Court News Ohio
Court News Ohio
Court News Ohio

Prosecutor and News Media Debate Release of Video from Judge Shooting

Image of the Jefferson County Courthouse (Flickr/Bill Herndon/Edited by Ely Margolis)

The Jefferson County prosecutor questions the Court of Claims process for dealing with public records disputes. (Image license)

Image of the Jefferson County Courthouse (Flickr/Bill Herndon/Edited by Ely Margolis)

The Jefferson County prosecutor questions the Court of Claims process for dealing with public records disputes. (Image license)

A news organization has requested the release of a court surveillance system video that recorded the shooting of a Jefferson County judge outside the courthouse in August 2017. The news media argues the evidence provided by the county prosecutor didn’t establish that the video is a “security record,” which would be exempt from disclosure under Ohio’s public records law.

The Ohio Supreme Court will consider the appeal, along with six other cases, next week at oral arguments

Jefferson County Judge Shot on Street Near Courthouse
While walking to work on Aug. 21, 2017, Jefferson County Common Pleas Court Judge Joseph Bruzzese Jr. was shot by Nate Richmond outside the county courthouse. Judge Bruzzese and a nearby probation officer returned fire at Richmond, who was killed. The judge was hospitalized.

Andrew Welsh-Huggins, a reporter for the Associated Press, requested a copy of the video recording of the shooting from the Jefferson County prosecutor, who denied the request.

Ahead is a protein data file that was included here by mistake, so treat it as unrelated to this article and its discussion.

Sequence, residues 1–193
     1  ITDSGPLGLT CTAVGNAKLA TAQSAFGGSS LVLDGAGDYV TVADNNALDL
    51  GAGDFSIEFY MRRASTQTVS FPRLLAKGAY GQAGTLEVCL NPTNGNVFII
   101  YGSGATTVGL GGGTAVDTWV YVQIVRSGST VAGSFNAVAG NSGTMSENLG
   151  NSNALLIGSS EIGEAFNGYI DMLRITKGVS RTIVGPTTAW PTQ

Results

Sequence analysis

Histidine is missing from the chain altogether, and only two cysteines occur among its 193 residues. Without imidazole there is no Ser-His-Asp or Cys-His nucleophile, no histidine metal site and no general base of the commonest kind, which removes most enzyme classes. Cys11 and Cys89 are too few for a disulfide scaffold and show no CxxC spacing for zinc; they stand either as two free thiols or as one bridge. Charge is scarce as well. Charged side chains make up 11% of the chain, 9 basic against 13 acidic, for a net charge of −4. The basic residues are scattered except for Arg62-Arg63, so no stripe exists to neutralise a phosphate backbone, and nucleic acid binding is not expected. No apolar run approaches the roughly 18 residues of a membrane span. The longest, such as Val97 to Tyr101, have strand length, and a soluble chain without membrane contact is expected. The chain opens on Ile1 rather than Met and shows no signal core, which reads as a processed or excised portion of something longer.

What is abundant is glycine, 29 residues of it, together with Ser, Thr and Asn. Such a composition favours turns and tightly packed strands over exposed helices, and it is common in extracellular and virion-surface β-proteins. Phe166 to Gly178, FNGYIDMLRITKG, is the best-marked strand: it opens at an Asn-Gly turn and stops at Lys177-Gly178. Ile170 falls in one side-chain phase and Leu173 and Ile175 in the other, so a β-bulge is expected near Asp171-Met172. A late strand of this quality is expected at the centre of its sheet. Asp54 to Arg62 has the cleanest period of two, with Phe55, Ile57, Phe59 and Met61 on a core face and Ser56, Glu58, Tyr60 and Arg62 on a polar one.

The reporter filed a complaint in May 2018 against the prosecutor through a streamlined process in the Ohio Court of Claims for handling public records challenges. The legislature in 2016 enacted the procedure in R.C. 2743.75 to offer an “expeditious and economical” method for resolving the disputes.

After a failed mediation, the court’s special master assigned to the case asked the prosecutor for additional information. The prosecutor submitted an affidavit from herself and a copy of the video, which was filed under seal. In response to two subsequent requests for information, the prosecutor provided several still photos and two more affidavits from herself.

Court of Claims Determines Prosecutor Didn’t Prove Video Is Security Record
In a January 2019 report, the special master found the prosecutor’s office didn’t meet its burden to show the video was exempt from disclosure as a security record under the state’s Public Records Act. Among its conclusions, the report stated that the prosecutor’s office didn’t back the claims of an exception with information from any law-enforcement, security, or technology experts. The special master ordered the video’s release with redactions to protect certain law-enforcement officers, and the Court of Claims adopted the report and recommendations.

The prosecutor appealed. The Seventh District Court of Appeals pointed out that the prosecutor’s affidavits were based on hearsay and weren’t provided by the court’s security office. The Seventh District concluded, however, that the video is a security record, exempt from disclosure to the public, because the reporter didn’t object to the affidavits.

The reporter appealed to the Ohio Supreme Court, which accepted the case, Welsh-Huggins v. Office of Jefferson County Prosecuting Attorney.